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The Hiding Place by Wayne Mansfield
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The Hiding Place

by Wayne Mansfield

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A Hearts On Fire Review

THREE & A HALF STARS--Wayne Mansfield's "The Hiding Place" deals with tough subject matters, bullying, attempted suicide, mental health issues and fantasized/implied dub-con. So if any of those subjects are triggers, I'd advise you skip this one because it's a sad, depressing short story. Romance this is not, you've been warned.

I enjoyed this book and, at points, I didn't. This story is one that shines a light on bullying and its effects it can lead on lives. We meet Bryan, 18 year old high school senior. He's tormented during school days to no help, teachers add to the problems and his family life is closer to non existent. He's depressed and trying to keep together for a few more months before being able to move to the city and away from his tormentors.

His only solace? His fantasy world where he's loved, touched and treated like a human being. Bryan relies on his imagination to create companionship and love. However once he moves away from home, life does not get better.

Wayne Mansfield writes pretty solid stories including this one. And I appreciate the message brought on the anti-gay bullying through this raw story telling but the story had a few issues for me.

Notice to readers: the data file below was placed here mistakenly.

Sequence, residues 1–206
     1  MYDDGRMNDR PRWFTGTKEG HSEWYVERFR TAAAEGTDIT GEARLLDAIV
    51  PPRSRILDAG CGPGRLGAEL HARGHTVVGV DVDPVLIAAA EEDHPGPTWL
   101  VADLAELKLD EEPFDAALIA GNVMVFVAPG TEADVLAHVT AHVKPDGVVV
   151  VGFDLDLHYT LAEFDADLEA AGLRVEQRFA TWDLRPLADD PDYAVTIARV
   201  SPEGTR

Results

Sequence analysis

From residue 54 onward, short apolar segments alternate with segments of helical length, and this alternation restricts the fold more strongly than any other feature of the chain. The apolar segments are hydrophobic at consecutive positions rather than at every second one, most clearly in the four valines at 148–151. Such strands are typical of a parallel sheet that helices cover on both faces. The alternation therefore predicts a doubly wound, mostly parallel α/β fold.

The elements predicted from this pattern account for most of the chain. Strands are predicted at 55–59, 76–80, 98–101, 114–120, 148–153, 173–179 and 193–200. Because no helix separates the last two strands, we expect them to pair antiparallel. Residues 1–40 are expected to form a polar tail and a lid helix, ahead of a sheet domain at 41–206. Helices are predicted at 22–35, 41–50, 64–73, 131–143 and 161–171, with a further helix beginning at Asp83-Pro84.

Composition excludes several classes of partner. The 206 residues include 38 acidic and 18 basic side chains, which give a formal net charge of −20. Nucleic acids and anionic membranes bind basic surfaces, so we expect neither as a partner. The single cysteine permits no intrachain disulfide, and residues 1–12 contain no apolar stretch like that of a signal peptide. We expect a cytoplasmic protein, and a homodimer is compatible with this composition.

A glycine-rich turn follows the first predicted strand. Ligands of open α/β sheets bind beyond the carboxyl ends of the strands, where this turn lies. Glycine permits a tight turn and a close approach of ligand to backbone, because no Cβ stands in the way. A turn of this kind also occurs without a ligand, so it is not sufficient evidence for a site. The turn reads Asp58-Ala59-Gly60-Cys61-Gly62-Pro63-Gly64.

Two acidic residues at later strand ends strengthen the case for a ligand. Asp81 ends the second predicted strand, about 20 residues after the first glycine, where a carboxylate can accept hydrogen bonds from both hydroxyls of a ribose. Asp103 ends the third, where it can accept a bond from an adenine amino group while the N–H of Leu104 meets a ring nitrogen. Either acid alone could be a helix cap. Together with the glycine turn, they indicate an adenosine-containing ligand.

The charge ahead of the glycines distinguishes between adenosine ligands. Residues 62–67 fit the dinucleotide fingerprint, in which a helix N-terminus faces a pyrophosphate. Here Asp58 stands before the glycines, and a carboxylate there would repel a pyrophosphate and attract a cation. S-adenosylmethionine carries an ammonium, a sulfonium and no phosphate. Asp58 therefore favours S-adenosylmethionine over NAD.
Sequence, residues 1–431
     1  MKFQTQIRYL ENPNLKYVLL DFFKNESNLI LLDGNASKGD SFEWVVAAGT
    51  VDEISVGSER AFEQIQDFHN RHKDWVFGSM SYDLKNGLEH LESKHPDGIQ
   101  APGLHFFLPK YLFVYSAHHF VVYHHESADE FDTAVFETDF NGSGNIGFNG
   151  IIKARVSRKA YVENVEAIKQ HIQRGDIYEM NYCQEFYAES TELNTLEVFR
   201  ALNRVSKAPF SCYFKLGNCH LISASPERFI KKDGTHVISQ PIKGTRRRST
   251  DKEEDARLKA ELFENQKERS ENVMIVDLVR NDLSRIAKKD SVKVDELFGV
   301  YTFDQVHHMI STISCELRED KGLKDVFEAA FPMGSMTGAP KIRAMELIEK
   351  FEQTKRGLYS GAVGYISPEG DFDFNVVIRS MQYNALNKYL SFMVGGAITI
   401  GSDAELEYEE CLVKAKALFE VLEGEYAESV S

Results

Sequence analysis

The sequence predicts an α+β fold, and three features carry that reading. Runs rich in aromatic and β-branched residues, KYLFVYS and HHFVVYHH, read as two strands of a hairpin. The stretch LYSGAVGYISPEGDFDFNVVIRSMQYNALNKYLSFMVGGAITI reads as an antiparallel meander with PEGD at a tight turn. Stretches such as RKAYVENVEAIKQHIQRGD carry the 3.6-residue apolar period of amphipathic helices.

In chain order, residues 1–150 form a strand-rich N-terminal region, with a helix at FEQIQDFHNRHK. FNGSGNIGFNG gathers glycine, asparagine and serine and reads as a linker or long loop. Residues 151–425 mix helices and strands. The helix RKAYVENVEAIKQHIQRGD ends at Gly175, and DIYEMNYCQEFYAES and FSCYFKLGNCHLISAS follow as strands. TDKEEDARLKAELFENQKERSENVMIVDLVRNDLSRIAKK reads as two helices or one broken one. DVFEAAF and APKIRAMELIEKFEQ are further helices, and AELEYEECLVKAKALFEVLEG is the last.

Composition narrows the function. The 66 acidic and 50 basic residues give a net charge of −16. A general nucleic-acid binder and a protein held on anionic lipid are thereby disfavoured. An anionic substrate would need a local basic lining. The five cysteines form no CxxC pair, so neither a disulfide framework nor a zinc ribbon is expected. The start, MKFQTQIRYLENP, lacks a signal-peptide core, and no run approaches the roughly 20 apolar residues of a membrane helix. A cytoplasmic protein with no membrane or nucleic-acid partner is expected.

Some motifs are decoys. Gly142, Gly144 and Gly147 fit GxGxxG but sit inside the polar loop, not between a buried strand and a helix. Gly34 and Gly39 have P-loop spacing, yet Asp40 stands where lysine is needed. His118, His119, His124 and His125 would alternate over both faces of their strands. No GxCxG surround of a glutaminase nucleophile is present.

Concerns: No safe sex practices, sometimes the pacing was weird, the transition into Bryan's fantasy, at times, was a rough one. Was he raped? Was it in his mind? Whatever that was, it was pathetic and sad. You can't help but feel for Bryan's disturbed mind.

"The Hiding Place" is a metaphor for the world Bryan fantasizes. It's a lonely world and the ending is especially disturbing and haunting before the 'conclusion'. (Don't expect a happy one but a realistic one) For less than 60 pages, the story leaves an emotional punch." ( )
  SheReadsALot | Jun 20, 2016 |
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Like a million other young gay men, Bryan keeps his sexuality hidden because it’s safer that way. Yet other guys know he’s different -- they sense it, and make Bryan’s life pure hell. At home, things aren’t much better. He barely acknowledges his alcoholic father, and his mother has little time to spend with her family. So Bryan is alone, with no support, no shoulder to cry on.

Years of torture and torment, of name calling and humiliation, have taken their toll. Bryan does what he can to make new friends, but in trying to be something he’s not, he makes a huge mistake. Unable to cope with the repercussions, Bryan spends more and more time in a fantasy world he has created for himself. In this private world he is handsome, an object of desire. He is loved.

Is the hiding place as perfect as it seems? Or will Bryan go too deep and not be able to come out again? [JMS]
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